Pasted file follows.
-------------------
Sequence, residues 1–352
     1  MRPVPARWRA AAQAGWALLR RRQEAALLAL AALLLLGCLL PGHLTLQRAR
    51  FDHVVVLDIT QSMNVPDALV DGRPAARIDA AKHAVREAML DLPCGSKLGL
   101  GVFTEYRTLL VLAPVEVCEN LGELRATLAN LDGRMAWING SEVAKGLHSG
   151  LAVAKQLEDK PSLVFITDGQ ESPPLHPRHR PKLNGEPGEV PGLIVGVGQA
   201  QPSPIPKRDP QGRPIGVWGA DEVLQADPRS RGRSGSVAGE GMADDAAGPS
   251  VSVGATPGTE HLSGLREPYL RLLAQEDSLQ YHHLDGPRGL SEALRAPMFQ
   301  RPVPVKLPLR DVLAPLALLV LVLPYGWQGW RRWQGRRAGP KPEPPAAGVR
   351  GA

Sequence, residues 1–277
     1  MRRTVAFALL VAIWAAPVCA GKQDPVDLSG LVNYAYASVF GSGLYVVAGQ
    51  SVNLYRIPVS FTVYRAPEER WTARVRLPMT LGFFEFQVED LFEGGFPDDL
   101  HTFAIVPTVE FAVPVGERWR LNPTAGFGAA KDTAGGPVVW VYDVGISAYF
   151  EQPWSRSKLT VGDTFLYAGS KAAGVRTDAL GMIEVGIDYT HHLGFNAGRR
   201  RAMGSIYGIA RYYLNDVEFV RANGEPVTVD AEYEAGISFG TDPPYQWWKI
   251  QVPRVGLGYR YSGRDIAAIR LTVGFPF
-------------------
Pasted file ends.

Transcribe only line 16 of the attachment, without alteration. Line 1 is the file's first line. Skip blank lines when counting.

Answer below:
   251  QVPRVGLGYR YSGRDIAAIR LTVGFPF